Wai! Bhutan may be one of the few countries in the world where dogs make the headlines more than some groups of humans. And for the right reasons. Stray dogs have been a nuisance in Bhutan for decades now. And it has never gone unnoticed by the government.
In the 1980s and early 1990s, we even resorted to culling stray dogs, which was unpopular. At another time, stray dogs were transported to far-flung mountains from where they were not expected to come back. But the dogs found their way back to the settlements in days. Sterilization was found to be the right answer, but even this proved ineffective. Then they were rounded up and impounded. That too failed to keep the dogs and humans equally happy.
A pack of dogs running amok in Haa recently has triggered fresh discussions on the issue. Dogs – stray as well as pet – have always been a nuisance in the Bhutanese towns and villages although this has been forgotten until the Haa incident reminded us of it. Dogs are particularly troublesome in bigger towns where there is an increasing number of people being bitten. In Thimphu, for example, streets and alleys belong to the dogs at odd hours.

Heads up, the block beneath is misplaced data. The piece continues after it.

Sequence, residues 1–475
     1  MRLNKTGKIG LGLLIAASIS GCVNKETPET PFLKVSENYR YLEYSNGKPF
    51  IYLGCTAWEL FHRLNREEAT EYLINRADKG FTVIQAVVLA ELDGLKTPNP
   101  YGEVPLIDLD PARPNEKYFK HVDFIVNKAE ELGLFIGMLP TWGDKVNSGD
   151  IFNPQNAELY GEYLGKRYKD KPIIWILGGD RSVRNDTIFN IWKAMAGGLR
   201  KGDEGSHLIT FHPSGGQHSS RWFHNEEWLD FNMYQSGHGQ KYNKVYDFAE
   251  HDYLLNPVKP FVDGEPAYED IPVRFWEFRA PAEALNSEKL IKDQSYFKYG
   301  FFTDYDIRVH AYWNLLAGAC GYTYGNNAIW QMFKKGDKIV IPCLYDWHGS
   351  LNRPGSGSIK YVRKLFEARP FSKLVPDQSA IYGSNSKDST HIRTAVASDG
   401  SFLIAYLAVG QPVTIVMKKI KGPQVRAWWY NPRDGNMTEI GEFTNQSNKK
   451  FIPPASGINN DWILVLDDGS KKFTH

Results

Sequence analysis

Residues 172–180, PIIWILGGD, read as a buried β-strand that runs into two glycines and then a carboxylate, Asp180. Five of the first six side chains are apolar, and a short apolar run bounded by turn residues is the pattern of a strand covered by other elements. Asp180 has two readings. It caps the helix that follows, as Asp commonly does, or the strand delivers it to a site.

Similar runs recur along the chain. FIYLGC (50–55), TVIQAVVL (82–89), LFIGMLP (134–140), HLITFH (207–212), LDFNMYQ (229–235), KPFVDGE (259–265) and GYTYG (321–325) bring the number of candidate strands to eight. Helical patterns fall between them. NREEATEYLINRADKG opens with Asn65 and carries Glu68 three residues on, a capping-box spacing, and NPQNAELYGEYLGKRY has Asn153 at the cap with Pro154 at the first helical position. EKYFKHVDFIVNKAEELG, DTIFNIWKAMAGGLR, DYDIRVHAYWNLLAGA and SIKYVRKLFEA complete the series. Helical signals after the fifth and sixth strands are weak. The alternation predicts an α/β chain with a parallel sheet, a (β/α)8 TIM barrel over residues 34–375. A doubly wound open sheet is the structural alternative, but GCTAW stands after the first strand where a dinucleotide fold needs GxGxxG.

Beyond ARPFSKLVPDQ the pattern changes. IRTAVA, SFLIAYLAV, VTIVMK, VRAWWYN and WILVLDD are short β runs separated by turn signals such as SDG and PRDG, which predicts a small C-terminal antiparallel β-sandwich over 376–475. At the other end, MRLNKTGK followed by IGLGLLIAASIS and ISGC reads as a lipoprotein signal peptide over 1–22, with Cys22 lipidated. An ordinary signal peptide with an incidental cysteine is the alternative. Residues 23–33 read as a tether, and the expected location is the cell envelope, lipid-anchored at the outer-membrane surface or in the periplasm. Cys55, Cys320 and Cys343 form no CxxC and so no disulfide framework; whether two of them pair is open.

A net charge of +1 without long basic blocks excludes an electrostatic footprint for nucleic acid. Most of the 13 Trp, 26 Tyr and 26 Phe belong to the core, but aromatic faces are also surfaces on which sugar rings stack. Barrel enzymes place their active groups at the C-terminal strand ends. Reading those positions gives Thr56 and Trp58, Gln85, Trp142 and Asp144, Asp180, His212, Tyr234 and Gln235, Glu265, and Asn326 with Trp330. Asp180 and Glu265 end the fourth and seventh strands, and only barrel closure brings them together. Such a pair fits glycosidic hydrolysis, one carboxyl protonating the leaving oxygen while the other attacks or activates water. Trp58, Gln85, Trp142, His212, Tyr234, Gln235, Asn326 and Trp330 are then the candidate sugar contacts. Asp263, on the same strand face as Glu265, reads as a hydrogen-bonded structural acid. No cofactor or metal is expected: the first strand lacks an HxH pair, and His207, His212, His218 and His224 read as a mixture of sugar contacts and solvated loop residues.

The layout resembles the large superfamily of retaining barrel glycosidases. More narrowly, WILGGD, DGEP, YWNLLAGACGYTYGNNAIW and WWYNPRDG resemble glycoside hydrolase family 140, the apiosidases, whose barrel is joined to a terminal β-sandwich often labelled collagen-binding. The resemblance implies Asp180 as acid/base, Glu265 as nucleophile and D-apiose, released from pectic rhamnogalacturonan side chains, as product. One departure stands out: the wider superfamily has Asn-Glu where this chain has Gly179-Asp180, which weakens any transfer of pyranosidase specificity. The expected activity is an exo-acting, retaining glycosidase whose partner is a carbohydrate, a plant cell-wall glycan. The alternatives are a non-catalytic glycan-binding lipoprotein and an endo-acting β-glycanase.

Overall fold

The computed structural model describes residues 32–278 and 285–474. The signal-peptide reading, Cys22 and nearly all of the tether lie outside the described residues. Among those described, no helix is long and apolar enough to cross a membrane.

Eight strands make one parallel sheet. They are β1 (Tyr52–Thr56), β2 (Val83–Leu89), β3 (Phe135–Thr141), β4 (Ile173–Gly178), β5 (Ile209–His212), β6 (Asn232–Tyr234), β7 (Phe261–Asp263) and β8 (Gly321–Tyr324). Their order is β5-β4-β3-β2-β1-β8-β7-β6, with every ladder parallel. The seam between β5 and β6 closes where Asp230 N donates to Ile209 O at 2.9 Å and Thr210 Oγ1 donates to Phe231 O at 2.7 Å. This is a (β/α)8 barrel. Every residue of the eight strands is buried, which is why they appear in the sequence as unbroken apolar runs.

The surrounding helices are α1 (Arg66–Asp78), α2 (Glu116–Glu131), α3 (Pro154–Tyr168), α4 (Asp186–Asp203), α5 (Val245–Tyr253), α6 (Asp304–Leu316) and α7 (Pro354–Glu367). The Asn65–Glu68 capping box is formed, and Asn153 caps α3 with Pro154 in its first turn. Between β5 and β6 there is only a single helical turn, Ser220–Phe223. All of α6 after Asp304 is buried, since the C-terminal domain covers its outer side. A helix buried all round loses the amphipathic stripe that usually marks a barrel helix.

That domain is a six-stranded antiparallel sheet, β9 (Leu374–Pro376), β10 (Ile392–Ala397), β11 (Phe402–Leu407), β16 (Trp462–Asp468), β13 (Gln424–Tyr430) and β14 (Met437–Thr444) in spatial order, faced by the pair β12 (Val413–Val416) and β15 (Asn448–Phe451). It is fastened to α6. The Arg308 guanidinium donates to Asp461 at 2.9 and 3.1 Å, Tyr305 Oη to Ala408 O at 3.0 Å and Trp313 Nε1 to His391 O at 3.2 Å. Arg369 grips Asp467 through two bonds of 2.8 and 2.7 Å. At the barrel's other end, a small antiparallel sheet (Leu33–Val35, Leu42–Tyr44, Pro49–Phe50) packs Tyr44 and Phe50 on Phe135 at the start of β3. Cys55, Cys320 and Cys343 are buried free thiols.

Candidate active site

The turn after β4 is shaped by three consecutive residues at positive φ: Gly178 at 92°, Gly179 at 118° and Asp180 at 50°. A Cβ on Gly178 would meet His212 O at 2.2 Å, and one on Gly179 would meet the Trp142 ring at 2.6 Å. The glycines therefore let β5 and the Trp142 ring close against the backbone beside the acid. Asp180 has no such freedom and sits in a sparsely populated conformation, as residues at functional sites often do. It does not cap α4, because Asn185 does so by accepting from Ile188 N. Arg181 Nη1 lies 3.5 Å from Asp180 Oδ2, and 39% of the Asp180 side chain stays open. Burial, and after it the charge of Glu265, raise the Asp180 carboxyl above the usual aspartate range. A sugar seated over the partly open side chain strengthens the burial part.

People can’t go jogging without the fear of being attacked by a pack of dogs. And those who venture out at odd hours get bitten. Dog bites, as we know, are dangerous for many reasons. Besides, people should have the security of walking around in their neighbourhoods.
It’s high time that we reclaimed people’s security from the dogs. It’s abundantly clear that coexistence is not without troubles. Whom do our settlements belong – humans or dogs?